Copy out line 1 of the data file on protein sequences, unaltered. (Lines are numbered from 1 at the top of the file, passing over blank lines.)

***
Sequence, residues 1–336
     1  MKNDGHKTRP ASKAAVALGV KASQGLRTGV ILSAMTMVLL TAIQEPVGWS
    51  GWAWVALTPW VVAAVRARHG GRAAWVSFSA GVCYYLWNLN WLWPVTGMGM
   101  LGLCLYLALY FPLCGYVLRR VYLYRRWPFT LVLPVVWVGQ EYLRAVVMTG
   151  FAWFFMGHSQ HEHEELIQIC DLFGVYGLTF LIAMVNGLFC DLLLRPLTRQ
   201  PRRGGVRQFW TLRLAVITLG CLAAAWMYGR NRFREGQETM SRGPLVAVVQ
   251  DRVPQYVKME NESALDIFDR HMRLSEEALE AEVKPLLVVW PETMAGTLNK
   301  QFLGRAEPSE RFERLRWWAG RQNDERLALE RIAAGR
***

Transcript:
Sequence, residues 1–336